Electrolyte and Metabolic Disturbances in Ebola

    View Abstract

By using data from a 2015 clinical trial on Ebola convalescent-phase plasma in Guinea, we assessed the prevalence of electrolyte and metabolic abnormalities at admission and their predictive value to stratify patients into risk groups. Patients underwent testing with a point-of-care device. We used logistic regression to construct a prognostic model and summarized the predictive value with the area under the receiver operating curve. Abnormalities were common among patients, particularly hypokalemia, hypocalcemia, hyponatremia, raised creatinine, high anion gap, and anemia. Besides age and PCR cycle threshold value, renal dysfunction, low calcium levels, and low hemoglobin levels were independently associated with increased risk for death. A prognostic model using all 5 factors was highly discriminatory (area under the receiver operating curve 0.95; 95% CI 0.90–0.99) and enabled the definition of risk criteria to guide targeted care. Most patients had a very low (<5%) or very high (>80%) risk for death.

    Cite This Article
EID van Griensven J, Bah E, Haba N, Delamou A, Camara B, Olivier K, et al. Electrolyte and Metabolic Disturbances in Ebola Patients during a Clinical Trial, Guinea, 2015. Emerg Infect Dis. 2016;22(12):2120-2127. https://dx.doi.org/10.3201/eid2212.161136
AMA van Griensven J, Bah E, Haba N, et al. Electrolyte and Metabolic Disturbances in Ebola Patients during a Clinical Trial, Guinea, 2015. Emerging Infectious Diseases. 2016;22(12):2120-2127. doi:10.3201/eid2212.161136.
APA van Griensven, J., Bah, E., Haba, N., Delamou, A., Camara, B., Olivier, K....De Weggheleire, A. (2016). Electrolyte and Metabolic Disturbances in Ebola Patients during a Clinical Trial, Guinea, 2015. Emerging Infectious Diseases, 22(12), 2120-2127. https://dx.doi.org/10.3201/eid2212.161136.

Volume 22, Number 11—November 2016

image of the 'Thumbnail' version of the Volume 22, Number 11—November 2016 cover of the CDC's EID journal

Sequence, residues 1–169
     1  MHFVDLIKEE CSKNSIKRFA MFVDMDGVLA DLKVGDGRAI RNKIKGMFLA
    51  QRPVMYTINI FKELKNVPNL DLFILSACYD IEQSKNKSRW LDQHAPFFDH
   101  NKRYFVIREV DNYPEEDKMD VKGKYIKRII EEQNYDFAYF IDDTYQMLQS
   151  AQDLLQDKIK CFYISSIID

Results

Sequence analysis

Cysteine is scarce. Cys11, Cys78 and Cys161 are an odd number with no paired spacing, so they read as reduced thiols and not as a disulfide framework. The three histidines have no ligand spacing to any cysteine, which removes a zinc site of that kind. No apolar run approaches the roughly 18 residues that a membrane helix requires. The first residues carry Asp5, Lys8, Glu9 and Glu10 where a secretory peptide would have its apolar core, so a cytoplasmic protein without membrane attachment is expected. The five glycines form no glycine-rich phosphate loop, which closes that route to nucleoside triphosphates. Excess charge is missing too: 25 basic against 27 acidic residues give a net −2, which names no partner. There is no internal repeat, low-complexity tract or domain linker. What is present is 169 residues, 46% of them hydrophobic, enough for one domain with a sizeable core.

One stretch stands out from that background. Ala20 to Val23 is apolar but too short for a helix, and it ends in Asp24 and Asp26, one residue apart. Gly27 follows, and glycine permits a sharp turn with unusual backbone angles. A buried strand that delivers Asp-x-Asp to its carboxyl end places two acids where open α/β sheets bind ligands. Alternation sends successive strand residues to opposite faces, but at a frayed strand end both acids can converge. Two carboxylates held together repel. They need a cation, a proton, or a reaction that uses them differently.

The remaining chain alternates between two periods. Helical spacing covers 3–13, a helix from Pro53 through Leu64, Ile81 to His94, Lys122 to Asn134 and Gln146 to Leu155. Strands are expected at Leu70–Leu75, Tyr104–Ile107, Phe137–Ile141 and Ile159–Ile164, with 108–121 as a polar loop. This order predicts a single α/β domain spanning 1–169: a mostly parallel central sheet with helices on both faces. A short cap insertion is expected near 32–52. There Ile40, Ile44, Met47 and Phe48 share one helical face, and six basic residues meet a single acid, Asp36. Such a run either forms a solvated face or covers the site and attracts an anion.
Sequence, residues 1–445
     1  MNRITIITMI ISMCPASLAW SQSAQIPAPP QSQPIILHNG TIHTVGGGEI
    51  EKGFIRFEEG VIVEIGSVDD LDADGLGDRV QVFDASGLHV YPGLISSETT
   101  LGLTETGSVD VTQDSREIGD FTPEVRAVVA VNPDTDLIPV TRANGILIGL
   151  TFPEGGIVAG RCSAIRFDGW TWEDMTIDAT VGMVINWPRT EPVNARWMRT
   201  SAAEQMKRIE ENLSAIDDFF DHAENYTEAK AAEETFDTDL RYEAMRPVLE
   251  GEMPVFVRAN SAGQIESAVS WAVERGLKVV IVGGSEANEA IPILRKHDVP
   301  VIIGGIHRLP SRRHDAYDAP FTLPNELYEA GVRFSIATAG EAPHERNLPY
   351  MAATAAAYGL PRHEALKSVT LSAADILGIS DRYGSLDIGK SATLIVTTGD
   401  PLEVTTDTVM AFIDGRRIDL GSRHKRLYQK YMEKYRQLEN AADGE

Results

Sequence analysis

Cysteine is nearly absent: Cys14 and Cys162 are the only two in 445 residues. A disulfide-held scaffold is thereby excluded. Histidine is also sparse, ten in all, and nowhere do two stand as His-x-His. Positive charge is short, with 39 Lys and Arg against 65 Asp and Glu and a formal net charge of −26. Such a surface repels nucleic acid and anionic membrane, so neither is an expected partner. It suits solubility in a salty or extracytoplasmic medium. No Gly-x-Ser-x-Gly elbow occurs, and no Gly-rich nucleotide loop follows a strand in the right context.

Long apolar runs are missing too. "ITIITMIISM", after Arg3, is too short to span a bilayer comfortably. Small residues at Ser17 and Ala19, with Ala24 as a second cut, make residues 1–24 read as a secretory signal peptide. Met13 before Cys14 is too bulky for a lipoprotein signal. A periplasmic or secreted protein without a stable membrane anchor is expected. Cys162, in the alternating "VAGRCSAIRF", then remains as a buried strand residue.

Medscape CME Activity
Transmission of Babesia microti Parasites by Solid Organ Transplantation PDF Version [PDF - 1.12 MB - 8 pages]
M. B. Brennan et al.
View Summary

Infection with this parasite should be included in differential diagnosis of fever and anemia after blood transfusion or organ transplantation.

    View Abstract

Babesia microti, an intraerythrocytic parasite, is tickborne in nature. In contrast to transmission by blood transfusion, which has been well documented, transmission associated with solid organ transplantation has not been reported. We describe parasitologically confirmed cases of babesiosis diagnosed ≈8 weeks posttransplantation in 2 recipients of renal allografts from an organ donor who was multiply transfused on the day he died from traumatic injuries. The organ donor and recipients had no identified risk factors for tickborne infection. Antibodies against B. microti parasites were not detected by serologic testing of archived pretransplant specimens. However, 1 of the organ donor’s blood donors was seropositive when tested postdonation and had risk factors for tick exposure. The organ donor probably served as a conduit of Babesia parasites from the seropositive blood donor to both kidney recipients. Babesiosis should be included in the differential diagnosis of unexplained fever and hemolytic anemia after blood transfusion or organ transplantation.